Early research with dynamic risk factors tended to focus on their predictive ability using assessments conducted at a single time-point. Recently, more methodologically sophisticated research has started to examine whether these risk factors do, in fact, change over time and, if so, if this change is associated with future risk. For example, Wilson and colleagues (2013) examined whether dynamic risk factors predicted violence after using statistical procedures to control for the influence of static risk factors. Assessments using Version 2 of the Historical Clinical Risk Management-20 (HCR-20; Webster, Douglas, Hart & Eaves, 1997) and the Short-Term Assessment of Risk and Treatability (START; Webster et al., 2009) were completed for four consecutive 3-month timeframes to assess the likelihood that forensic psychiatric patients would be violent in the hospital during the following three months. Results showed that the dynamic risk factors on the HCR-20’s Clinical and Risk Management scales and the risk or Vulnerability factors on the START fluctuated over time, and that they were associated with perpetration of violence in the hospital after controlling for the influence of the HCR-20’s Historical scale.
This study is part of a growing literature base demonstrating the utility of dynamic risk factors (see also Brown, St. Amand, & Zamble, 2009; de Vries Robbé, de Vogel, Douglas, & Nijman, 2014). It is essential that violence risk assessment not be considered a one-time event. Assessments must be repeated on an ongoing basis to capture relevant changes in risk, which allows for appropriate adjustment of intervention and management strategies and provides the best opportunity to prevent violence.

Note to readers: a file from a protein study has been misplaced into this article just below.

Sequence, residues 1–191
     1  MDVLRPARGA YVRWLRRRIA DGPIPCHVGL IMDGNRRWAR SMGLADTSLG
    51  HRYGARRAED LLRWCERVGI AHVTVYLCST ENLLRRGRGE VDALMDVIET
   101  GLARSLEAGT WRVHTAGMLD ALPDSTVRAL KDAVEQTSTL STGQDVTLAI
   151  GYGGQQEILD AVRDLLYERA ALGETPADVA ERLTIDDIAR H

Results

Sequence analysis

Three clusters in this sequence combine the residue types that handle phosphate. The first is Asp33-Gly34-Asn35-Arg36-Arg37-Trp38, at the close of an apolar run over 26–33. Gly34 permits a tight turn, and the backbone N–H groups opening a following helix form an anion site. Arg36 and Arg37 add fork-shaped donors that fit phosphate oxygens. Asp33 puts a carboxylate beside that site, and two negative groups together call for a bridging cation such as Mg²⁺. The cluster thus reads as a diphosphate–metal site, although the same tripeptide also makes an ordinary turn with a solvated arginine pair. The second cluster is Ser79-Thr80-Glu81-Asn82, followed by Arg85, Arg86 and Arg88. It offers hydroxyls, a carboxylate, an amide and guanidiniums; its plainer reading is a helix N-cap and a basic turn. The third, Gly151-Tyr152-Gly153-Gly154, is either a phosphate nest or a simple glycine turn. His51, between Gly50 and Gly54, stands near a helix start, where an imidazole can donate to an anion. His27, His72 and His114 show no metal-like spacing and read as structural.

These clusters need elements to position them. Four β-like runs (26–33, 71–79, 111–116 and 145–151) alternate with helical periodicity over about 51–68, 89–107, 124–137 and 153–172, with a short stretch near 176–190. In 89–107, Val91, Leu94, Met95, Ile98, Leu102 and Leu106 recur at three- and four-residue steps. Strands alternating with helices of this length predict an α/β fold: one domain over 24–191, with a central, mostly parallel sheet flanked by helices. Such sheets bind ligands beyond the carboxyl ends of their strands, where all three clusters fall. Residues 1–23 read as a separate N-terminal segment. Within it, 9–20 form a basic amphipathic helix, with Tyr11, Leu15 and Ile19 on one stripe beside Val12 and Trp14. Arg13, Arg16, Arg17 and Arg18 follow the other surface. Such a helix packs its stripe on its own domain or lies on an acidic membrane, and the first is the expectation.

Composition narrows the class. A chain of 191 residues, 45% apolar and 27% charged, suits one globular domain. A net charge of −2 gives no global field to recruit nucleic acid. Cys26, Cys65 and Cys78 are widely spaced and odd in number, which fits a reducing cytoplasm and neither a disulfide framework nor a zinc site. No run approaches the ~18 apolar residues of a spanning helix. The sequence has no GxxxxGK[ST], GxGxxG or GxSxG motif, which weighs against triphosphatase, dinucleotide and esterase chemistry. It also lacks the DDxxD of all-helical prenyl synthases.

Brown, S. L., St. Amand, M.D., Zamble, E. (2009). The dynamic prediction of criminal recidivism: A three-wave prospective study. Law and Human Behavior, 33, 25-45.
Campbell, M., French, S. & Gendreau, P. (2009). The prediction of violence in adult offenders. A meta-analytic comparison of instruments and methods of assessment. Criminal Justice and Behavior, 36, 567-590.
de Vries Robbé, M., de Vogel, V., Douglas, K.S., & Nijman, H.L. (2014). Changes in dynamic risk and protective factors for violence during inpatient forensic psychiatric treatment: Predicting reductions in post-discharge community recidivism. Law and Human Behavior. Advanced online publication.
Douglas, K.S. & Skeem, J.L. (2005). Violence risk assessment: Getting specific about being dynamic. Psychology, Public Policy, and Law, 11, 347-383.
Guy, L. S. (2008). Performance indicators of the structured professional judgment approach for assessing risk for violence to others: a meta-analytic survey. Unpublished doctoral dissertation, Simon Fraser University, Burnaby, BC.
Singh, J.P., Grann, M., Fazel, S. (2011). A comparative study of violence risk assessment tools: A systematic review and meta-regression analysis of 68 studies involving 25,980 participants. Clinical Psychology Review, 31, 499-513.
Webster, C.D., Douglas, K.S., Eaves, D., & Hart, S.D. (1997). HCR-20: Assessing risk for violence (version 2). Burnaby, BC: Simon Fraser University, Mental Health, Law, and Policy Institute.
Webster, C.D., Martin, M.L., Brink, J., Nicholls, T.L., & Desmarais, S.L. (2009). Manual for the Short-Term Assessment of Risk and Treatability (START) (Version 1.1). Coquitlam, Canada: Forensic Psychiatric Services Commission.
Wilson, C.M., Desmarais, S.L., Nicholls, T.L., Hart, S.D., & Brink, J. (2013). Predictive validity of dynamic factors: Assessing violence risk in forensic psychiatric inpatients. Law and Human Behavior, 37, 377-388.
Information Sharing: Balancing an Individual’s Right to Privacy Against a Post-Secondary Institution’s Duty to Protect